“Hunger Games” have no place in Indigenous fundraising

Indigenous charities and qualified donees only received $1 for every $138 received by non-Indigenous organizations

Why It Matters

Ideas of scarcity and competition are rooted in colonial practices. Asking Indigenous-led organizations to compete for funding via social media only exacerbates issues of inequality, executives say.

Hillory Tenute was disappointed but not surprised when she opened an email inviting Indigenous organizations to compete for corporate donations this September as part of an online advertising campaign.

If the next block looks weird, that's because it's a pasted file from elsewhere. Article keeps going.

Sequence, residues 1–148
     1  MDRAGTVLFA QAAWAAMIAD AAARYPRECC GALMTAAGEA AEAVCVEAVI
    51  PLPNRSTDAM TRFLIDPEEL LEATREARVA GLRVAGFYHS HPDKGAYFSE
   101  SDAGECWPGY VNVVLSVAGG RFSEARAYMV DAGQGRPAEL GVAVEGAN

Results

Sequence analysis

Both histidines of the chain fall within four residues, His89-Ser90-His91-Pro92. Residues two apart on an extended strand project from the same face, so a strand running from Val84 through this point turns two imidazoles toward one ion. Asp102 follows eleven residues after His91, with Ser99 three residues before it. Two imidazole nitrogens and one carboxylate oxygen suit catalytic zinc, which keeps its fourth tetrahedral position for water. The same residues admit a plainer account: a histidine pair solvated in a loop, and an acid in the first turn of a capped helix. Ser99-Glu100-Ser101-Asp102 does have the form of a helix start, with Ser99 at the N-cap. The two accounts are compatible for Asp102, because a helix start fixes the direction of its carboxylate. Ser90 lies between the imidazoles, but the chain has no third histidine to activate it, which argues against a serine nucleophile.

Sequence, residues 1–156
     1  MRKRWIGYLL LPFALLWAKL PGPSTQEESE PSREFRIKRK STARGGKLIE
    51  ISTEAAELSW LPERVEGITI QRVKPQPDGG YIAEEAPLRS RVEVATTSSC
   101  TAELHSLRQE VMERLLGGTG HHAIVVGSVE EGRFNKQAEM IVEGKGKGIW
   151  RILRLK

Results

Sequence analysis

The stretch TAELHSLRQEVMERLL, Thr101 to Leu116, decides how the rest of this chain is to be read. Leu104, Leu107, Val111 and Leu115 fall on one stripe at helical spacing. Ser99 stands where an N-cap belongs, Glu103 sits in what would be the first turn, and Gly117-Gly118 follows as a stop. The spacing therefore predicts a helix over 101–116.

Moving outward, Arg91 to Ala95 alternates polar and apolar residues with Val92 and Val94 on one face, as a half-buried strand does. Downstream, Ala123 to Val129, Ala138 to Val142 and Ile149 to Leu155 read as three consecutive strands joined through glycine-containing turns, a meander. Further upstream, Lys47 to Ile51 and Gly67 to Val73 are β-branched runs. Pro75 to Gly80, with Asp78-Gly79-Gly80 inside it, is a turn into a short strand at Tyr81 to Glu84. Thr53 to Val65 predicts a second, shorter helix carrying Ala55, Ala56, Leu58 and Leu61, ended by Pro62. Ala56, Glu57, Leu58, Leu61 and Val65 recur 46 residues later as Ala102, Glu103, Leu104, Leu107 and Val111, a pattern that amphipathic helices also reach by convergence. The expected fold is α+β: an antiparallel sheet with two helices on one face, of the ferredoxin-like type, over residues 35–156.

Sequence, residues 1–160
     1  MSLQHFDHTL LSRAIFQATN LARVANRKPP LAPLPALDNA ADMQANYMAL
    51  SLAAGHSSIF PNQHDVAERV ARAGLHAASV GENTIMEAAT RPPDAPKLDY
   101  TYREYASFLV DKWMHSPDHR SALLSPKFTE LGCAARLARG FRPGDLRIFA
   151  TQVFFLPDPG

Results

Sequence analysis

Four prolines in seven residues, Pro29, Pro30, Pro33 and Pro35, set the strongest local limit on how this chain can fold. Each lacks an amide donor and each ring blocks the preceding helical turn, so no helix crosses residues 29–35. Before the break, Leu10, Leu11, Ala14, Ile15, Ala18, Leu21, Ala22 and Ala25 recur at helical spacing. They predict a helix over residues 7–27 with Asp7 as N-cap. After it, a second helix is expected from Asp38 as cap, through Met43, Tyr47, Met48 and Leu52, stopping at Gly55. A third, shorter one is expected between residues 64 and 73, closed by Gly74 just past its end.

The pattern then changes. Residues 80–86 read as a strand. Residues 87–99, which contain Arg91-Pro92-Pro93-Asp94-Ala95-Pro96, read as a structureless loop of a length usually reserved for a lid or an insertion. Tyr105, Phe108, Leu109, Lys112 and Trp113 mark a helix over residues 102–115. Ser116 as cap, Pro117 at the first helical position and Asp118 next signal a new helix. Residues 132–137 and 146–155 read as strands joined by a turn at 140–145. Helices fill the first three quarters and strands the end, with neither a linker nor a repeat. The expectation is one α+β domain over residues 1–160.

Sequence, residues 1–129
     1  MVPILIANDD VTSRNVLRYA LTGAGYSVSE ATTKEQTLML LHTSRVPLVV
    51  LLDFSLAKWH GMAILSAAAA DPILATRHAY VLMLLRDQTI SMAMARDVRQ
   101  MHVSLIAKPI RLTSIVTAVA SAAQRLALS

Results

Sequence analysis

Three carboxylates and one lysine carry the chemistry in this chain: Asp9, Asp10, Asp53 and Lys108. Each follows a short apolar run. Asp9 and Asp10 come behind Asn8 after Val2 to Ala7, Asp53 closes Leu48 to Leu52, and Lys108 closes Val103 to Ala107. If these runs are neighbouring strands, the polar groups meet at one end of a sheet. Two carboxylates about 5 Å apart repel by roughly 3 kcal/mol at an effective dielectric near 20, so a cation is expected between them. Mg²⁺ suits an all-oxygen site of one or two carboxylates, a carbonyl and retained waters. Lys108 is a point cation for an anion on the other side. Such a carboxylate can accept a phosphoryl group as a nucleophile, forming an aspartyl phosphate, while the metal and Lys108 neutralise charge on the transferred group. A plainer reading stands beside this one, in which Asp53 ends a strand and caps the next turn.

“That’s the part that was really disgusting, that they wanted it to be a social media campaign,” says Tenute, executive director of Indigenous Youth Roots, a national charity that collaborates on programs, grants and opportunities grounded in Indigenous ways of knowing and being. 

She wrote about the offer in a LinkedIn post but didn’t identify the private company that made it, focusing instead on the issues the overture highlighted.

“Indigenous youth non-profi

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